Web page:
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Making Your Habitat Neighbor-Friendly

Certified Wildlife Habitat

The concepts of using native plants and reducing your lawn may seem strange to some, since these practices do not produce the typical image of a suburban yard. However, following these tips may encourage your neighbors to try new gardening practices and may help you to avoid misunderstandings regarding your natural landscaping.

  • Before you start your wildlife habitat project, explain to your neighbors what natural landscaping is and the aesthetic and ecological benefits it may bring to your neighborhood.

  • Try completing one section of your yard at a time. Starting small gives neighbors time to get accustomed to your yard's new look.

  • Add human touches to your garden. Bird baths, benches, and water features add interest and enjoyment that draw people into the natural landscape.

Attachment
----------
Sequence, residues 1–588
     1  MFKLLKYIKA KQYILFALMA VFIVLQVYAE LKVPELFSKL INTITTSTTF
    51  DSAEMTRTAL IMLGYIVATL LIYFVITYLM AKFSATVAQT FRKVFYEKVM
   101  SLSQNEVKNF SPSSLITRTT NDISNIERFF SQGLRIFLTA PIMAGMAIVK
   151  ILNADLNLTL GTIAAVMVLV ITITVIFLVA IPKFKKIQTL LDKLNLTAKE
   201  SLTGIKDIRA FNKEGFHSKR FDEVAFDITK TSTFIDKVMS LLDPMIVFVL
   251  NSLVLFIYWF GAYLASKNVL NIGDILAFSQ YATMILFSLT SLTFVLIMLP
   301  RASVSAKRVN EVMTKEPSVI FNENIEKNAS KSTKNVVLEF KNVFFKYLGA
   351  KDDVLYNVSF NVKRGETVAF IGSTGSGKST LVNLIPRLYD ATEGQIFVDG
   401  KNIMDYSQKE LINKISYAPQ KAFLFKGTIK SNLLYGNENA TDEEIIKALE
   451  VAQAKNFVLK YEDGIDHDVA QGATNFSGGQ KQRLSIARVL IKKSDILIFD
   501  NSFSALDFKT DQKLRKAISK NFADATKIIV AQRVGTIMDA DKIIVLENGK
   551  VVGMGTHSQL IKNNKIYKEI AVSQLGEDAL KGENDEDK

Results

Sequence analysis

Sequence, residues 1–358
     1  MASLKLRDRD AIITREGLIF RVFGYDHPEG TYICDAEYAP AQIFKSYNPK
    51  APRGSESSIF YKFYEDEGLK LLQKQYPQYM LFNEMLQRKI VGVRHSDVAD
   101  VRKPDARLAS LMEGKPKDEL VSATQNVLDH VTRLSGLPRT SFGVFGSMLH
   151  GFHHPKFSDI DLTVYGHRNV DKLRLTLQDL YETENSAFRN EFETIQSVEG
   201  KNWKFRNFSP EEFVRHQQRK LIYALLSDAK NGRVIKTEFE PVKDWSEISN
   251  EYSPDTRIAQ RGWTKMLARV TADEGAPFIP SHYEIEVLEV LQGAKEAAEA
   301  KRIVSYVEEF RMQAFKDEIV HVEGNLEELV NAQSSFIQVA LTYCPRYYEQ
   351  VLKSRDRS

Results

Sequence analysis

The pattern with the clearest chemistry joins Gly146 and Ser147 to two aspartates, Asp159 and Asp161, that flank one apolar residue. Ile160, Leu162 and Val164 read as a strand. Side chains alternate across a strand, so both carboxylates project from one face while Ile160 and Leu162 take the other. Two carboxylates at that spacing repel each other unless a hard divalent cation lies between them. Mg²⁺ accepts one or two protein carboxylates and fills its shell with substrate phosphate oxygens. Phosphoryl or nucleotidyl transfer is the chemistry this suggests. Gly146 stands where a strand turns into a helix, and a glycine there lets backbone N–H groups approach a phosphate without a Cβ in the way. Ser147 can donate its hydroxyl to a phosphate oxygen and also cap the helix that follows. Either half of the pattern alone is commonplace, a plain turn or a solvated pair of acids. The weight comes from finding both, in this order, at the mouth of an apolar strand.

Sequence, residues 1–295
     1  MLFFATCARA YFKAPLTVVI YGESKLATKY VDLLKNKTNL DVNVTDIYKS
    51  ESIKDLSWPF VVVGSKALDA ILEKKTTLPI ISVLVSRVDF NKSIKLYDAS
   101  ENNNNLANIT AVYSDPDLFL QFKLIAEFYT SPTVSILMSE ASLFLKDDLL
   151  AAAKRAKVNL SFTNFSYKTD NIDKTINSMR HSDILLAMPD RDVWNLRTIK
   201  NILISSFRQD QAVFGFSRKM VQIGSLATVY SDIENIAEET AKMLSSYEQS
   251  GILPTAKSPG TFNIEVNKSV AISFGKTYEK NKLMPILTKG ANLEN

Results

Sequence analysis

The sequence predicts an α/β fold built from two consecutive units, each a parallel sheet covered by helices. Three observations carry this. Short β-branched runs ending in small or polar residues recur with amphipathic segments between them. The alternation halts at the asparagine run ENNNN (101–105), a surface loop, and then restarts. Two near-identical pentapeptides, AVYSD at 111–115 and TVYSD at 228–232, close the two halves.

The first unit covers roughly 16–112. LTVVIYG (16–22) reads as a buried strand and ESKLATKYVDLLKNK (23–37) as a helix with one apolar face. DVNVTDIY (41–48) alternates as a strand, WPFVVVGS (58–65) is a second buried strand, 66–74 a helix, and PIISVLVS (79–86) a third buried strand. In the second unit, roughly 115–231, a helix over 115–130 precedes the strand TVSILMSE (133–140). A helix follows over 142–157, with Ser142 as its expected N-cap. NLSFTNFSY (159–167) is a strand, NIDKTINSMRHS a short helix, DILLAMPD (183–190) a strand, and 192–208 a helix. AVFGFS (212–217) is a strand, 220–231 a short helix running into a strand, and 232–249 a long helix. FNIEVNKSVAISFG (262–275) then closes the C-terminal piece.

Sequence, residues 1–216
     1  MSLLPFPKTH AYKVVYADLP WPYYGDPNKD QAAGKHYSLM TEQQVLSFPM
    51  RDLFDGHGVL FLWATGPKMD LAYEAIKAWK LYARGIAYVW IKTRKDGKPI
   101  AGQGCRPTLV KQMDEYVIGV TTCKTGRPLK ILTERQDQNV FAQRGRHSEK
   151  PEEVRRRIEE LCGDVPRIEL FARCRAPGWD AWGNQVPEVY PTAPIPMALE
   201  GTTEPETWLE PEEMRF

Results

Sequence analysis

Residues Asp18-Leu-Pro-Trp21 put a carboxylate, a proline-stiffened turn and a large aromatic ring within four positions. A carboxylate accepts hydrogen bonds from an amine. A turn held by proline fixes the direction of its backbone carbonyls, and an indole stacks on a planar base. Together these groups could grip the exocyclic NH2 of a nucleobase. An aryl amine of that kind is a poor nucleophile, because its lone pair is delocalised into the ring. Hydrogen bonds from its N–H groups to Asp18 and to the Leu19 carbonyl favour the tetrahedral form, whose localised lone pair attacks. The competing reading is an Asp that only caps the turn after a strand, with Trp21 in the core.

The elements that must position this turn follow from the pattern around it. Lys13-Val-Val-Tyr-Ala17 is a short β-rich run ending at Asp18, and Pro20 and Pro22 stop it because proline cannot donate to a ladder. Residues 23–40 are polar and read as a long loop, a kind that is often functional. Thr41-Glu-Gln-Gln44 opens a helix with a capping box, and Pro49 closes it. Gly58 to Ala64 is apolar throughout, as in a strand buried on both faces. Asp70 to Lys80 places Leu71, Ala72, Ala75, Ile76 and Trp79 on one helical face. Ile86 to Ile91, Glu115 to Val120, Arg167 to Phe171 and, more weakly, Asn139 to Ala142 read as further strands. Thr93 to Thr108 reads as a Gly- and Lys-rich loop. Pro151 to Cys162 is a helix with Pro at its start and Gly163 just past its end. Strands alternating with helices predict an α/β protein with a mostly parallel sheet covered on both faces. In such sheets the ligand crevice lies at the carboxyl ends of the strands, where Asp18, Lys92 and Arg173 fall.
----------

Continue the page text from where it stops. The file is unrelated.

• Well-designed borders, paths, hedges, plant islands and fencing frame the features of the garden and provide a neat appearance that your neighbors will appreciate.

  • In your garden plans, include a search for Homeowners' Association rules, community covenants or local weed ordinances that may apply to your property. For instance, many localities require that lawns be kept under a maximum height. If you find rules are out-of-date or overly restrictive, work to get them revised.

  • Limit the number of bird feeders to only a few per acre. Rake up spilled bird seed and hulls weekly.

  • Do not leave food outdoors for other animals (including pets). The native plants and water that you provide in your Certified Wildlife Habitat site are sufficient food sources to support insects, birds, and other wild visitors.

Download our "Neighbor-Friendly Gardening Tipsheet (pdf)

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